Monte Hitchcock hangs with a younger crowd.
“My training and racing friends are all in their 30s and 40s, and they don’t let me get away with anything,” laughs the 67-year-old triathlete. Although, as he will tell you, “I’m not an athlete, I just like to stay active.”
For Hitchcock, “staying active” is a multidisciplinary routine that consists of swimming, biking, and running for 15-to-20 hours per week, sometimes more. “I’m always preparing for the next event,” he says. Since taking up running at the age of 27, he has completed more than 40 marathons (including Boston). But it wasn’t until he was 52 that he became interested in triathlons. He’s since competed in nearly 70 of them—17 of which were the full, 140.60-mile version.
Think about that: As he grows older, Hitchcock doesn’t just stay active. He actually pushes himself harder.
“In 1985, I wrote in my journal that I would love to someday qualify for Kona,” he says. “I don’t know if I thought I would ever be able to make that dream a reality.” But he did, twice—in 2013 and 2016—while he was well into his 60s.
Hitchcock is accomplishing things that conventional wisdom suggests people his age are incapable of. So is he a genetic mutant, or a symbol of the long-lasting potential in all of us?
Exercise Keeps You Young
“Clearly, there is a difference between ages 27 and 67,” says Steven Bazewicz, CPT, fitness director at Professional Physical Therapy. “But you can undo as much as 20 years of muscle aging with the proper strength and conditioning program.”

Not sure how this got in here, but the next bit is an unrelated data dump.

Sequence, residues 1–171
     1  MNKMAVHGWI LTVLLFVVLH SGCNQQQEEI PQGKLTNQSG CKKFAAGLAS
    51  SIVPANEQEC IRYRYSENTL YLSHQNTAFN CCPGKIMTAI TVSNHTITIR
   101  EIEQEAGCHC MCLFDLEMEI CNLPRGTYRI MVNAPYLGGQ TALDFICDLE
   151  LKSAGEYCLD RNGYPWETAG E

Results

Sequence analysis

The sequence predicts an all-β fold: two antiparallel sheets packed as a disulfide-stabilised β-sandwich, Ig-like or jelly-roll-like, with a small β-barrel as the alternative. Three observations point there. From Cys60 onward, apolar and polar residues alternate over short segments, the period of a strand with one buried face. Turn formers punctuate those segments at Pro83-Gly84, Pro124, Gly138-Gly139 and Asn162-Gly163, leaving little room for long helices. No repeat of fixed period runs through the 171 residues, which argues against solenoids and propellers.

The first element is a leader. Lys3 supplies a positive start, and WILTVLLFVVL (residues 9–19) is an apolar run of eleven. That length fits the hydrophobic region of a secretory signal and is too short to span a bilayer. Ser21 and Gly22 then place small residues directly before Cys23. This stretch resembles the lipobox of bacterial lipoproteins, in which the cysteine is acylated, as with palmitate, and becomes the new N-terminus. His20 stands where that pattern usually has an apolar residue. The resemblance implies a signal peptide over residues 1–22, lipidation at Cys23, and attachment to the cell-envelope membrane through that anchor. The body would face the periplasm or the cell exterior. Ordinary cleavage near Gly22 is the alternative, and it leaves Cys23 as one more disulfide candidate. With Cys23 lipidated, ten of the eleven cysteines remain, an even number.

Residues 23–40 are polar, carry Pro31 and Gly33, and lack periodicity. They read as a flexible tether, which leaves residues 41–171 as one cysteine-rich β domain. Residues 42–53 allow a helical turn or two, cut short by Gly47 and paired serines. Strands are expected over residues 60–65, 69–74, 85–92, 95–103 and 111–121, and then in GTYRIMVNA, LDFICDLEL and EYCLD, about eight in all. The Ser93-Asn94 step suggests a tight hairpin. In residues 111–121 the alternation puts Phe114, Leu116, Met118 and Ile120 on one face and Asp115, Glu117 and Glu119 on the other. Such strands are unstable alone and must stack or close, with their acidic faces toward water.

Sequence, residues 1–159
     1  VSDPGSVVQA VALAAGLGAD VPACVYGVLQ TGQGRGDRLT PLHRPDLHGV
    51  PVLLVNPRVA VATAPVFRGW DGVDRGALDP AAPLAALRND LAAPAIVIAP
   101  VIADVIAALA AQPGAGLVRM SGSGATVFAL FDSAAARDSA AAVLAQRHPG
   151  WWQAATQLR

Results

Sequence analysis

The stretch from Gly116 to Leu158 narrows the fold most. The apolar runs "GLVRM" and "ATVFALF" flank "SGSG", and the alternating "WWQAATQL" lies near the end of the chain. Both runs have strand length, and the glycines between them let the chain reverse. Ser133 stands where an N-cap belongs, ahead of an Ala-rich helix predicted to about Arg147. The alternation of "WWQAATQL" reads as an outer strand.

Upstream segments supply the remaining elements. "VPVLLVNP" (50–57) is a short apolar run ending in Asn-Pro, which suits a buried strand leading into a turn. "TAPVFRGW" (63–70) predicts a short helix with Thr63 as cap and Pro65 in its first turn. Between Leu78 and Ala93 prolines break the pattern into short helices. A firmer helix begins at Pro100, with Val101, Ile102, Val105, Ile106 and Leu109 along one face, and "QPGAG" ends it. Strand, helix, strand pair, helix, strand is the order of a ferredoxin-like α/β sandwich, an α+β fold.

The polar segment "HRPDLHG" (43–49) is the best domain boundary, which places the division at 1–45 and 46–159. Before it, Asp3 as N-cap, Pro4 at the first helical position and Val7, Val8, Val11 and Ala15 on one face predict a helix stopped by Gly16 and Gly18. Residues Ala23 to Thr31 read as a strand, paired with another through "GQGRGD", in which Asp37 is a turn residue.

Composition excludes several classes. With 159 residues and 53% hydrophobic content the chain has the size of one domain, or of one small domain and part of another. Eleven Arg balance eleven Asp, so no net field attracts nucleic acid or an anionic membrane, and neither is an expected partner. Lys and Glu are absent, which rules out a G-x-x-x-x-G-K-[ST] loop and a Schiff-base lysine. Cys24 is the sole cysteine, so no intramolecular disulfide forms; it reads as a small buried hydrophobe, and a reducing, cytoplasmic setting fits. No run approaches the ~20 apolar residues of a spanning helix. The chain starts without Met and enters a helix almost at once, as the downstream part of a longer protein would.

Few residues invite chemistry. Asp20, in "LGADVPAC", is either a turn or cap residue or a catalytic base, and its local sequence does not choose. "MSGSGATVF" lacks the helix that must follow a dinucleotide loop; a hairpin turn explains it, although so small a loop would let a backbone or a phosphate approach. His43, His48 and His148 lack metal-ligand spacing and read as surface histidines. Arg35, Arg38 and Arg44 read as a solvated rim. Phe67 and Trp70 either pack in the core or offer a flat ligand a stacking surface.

In fact, a recent review published in the Scandinavian Journal of Medicine & Science In Sports reveals that 85-year-old adults who strength train regularly have muscle power on par with 65-year-old adults who don’t train. The review also notes that older adults who regularly exercise are, on average, four times stronger than their untrained peers.
That’s not to say that age doesn’t matter. “As we age, specifically as we pass the 50-year marker, we experience noticeable declines in motor neurons [cells that trigger your muscles to contract] and hormone production,” says Bazeiwicz. You can choose to let this fact slow you down, or you can focus instead on what you’re still capable of.
The truth about exercise is that it’s good for you at any age, but it seems to have an increasingly bigger impact as you grow older. A Mayo Clinic study published this year found that when men and women ages 18 to 30 years old performed high-intensity interval training (HIIT) for 12 weeks, they improved their aerobic capacity by 49 percent. Older adults, those aged 65 to 80, improved their scores by a significantly bigger 69 percent. And researchers believe the age-fighting effect may extend to tissues of the heart, lungs, and brain.
“Something that’s really difficult for me right now is that my friends and past workmates are starting to pass away,” Hitchcock says. “I’m still trying to be an influence on those around me to not give up on themselves.” This month, he and his racing buddies (most of whom could be his kids) will travel from Indiana to compete in the IRONMAN Texas North American Championship.
Screw “I’m Too Old for That”
The limitations you accept will come to define you. “If we don’t think we are capable of things because of age, then it’s likely we will fall prey to a self-fulfilling prophecy,” explains Stephen Graef, Ph.D., sports psychologist at The Ohio State University Wexner Medical Center.
So every time you say, “I’m too old for that,” you actually make yourself older. You’re willfully giving away years of health and happiness.
To wit, a Medicine and Science in Sports and Exercise review of 38 studies determined that confidence in your exercise ability (called self-efficacy) is the highest predictor of how much you actually exercise. So believing you can do something actually helps you do it.
“I think it’s important to give ourselves the benefit of the doubt,” Graef says. “Test your limits, embrace the challenge, and grow. You don’t have to be the best, but just be.”
That’s why Hitchcock refuses to “look back” or compare his current race times to those of decades past. “I’m not as fast as I used to be, but I’m still doing it and enjoying it,” he says. And he won’t be stopping anytime soon.